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Shorts default on Karachi bullion market

Section: Daily Dispatches

8:23p EDT Saturday, October 2, 1999

Dear Friend of GATA and Gold:

I bet you're tired of all the good news from me, right?

Think you can handle one more piece? It's from the
Forbes news wire. It quotes James Grant of Grant's
Interest Rate Observer as acknowledging central bank
manipulation of the price of gold, and explains the
huge leverage inherent in gold stocks. Nothing that you
probably don't already know, but it's remarkable how
all this now is reaching the mainstream media. Once
there, it may affect the investment decisions of people
who are not yet holding tickets on the gold train.

Gold Anti-Trust Action Committee Inc.

* * *

Goldbugs are suddenly looking good

By J. Alex Tarquinio

Forbes News Wire

NEW YORK, Oct. 1 -- Even investors who were ho-hum on
gold last week have suddenly gone bullish on the
precious metal. The price-per-troy-ounce skyrocketed to
$305.30 as of market close today, up from $269.05 at
the start of the week.

But this sudden stampede for gold was not sparked by
the usual fears, such as inflation or stock market
upheaval, according to James Grant, author of the
popular newsletter Grant's Interest Rate Observer.
Rather, he says the price has long been artificially
kept down by the central banks, which manage the
monetary supply of the world's largest economies.

The large European Central Banks stated Sunday that
they would curtail future sales of gold reserves over
the next five years. They were as widely expected to
sell off gold. Now some investors are griping that the
banks have manipulated gold.

But Grant told attendees at a conference his company
held in New York today that gold has always been
manipulated. He said the central banks have been
mistaken in the 1990s, when they kept the price
artificially low by selling off some of their huge
stockpiles and leasing gold at the absurdly low rates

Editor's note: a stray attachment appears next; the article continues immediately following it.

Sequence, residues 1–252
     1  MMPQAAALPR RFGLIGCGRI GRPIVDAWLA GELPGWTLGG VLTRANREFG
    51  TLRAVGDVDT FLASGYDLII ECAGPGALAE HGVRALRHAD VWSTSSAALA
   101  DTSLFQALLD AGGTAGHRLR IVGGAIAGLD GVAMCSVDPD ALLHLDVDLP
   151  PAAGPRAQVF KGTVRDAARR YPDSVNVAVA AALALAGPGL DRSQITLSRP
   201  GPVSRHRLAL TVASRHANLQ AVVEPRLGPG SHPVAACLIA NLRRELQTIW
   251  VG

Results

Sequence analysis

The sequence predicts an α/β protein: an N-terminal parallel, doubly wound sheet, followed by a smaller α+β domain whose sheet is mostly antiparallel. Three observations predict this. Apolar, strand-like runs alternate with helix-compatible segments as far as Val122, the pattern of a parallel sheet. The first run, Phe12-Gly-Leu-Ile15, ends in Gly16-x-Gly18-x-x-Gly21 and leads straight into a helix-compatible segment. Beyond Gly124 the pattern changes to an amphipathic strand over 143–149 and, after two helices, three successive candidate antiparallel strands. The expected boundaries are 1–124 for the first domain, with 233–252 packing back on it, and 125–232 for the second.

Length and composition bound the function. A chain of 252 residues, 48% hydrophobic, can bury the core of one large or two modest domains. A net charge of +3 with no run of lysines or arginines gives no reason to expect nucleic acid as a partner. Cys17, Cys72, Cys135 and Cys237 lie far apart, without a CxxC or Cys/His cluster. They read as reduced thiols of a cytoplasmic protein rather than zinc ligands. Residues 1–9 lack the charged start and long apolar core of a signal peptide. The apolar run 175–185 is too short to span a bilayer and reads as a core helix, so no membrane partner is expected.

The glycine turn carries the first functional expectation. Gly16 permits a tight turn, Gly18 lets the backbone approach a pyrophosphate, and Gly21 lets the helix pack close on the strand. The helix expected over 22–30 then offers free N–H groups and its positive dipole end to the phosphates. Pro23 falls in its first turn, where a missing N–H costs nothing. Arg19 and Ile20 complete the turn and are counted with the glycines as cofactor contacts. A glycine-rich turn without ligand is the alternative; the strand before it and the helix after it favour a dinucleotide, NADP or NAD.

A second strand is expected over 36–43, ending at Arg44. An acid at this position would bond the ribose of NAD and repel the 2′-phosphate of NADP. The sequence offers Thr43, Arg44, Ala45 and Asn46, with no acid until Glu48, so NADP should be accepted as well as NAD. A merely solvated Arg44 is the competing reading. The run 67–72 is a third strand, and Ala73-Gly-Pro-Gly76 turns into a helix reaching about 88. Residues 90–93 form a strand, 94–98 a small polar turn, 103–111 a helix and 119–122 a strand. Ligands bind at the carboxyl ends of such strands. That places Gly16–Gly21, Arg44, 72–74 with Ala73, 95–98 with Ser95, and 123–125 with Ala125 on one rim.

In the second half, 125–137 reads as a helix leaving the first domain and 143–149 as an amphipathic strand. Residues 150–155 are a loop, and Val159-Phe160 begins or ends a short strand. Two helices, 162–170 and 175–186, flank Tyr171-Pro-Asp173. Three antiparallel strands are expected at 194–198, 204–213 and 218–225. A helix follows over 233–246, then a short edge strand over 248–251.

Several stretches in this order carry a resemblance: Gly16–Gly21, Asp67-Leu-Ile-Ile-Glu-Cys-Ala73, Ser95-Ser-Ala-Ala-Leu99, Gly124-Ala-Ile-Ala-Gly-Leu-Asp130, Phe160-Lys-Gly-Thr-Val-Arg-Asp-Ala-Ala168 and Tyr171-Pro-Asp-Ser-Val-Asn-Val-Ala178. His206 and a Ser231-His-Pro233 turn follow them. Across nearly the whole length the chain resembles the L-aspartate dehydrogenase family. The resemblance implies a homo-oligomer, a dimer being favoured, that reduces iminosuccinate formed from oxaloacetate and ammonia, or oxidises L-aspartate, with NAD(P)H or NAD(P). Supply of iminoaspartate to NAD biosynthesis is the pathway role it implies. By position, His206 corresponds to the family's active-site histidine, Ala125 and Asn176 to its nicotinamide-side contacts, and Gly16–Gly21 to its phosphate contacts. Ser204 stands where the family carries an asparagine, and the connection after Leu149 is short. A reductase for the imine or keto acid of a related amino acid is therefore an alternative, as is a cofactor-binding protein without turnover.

of about 1%.

Even if the price of gold does not continue higher,
gold mining stocks are likely to rise, market watchers
say. Michael E. Martin, a broker specializing in gold
mining stocks with New York-based Sinclair Group,
estimates the market cap of all gold mining companies
at about $50 billion. He says he thinks that could rise
by as much as about 50% over the next year.

Gold mining companies always have much wider price
swings than the commodity, both in positive and
negative territory, says Jean-Marie Eveillard,
president of Societe Generale Asset Management Corp.
and manager of the SoGen Gold Fund.

His reasoning: If the price of gold rises from $275-
per-ounce to $300-per-ounce, that is about a 10%
profit. But if it costs $250 to mine gold, the same
price increase will double the mining company's profit.

In recent years, there has been too little mining to
meet the global demand for gold. The central bank gold
sales and speculation by hedge funds and the mining
companies filled the gap. With Sunday's announcement by
the central banks, Eveillard says the price rise was a
simple example of supply and demand economics.

Many of the gold mining companies are scrambling to get
out of hedge positions now. For years, they have bought
gold futures and used the gold they mined to cover
their bets, thereby limiting the downside risk if gold
continued its slide.

The South African mining company Ashanti Gold (nyse:
ASL) announced yesterday that it had restructured its
hedge this week. This is a preemptive strike that other
mining companies should follow, says the Sinclair
Group's Martin.

Market watchers speculate there will be a shakeout of
mining companies in the coming weeks. Once investors
learn which companies have complicated hedges that are
tough to get out of, they will likely sell those in
favor of mining companies that did not bet so heavily
against gold. One mining company that is frequently
mentioned, Barrick Gold (nyse: ABX), is well known to
have some complicated hedges in place.

But this week investors have been gobbling up the stock
of all of the mining companies, and will likely weed
out the ones with risky hedges later.

Frederick J. Shehan, Jr., a John Hancock director who
develops new investment ideas for the company's
institutional investors, visited some South African
mines this summer. He says some of the smartest
managers were buying up weaker companies that could not
weather the 20-year low in the price of gold.

Though many investors are betting that the commodity
price will continue to rise, most of the gold mining
companies would realize a pretty good profit even if
gold remains around its closing price on Friday.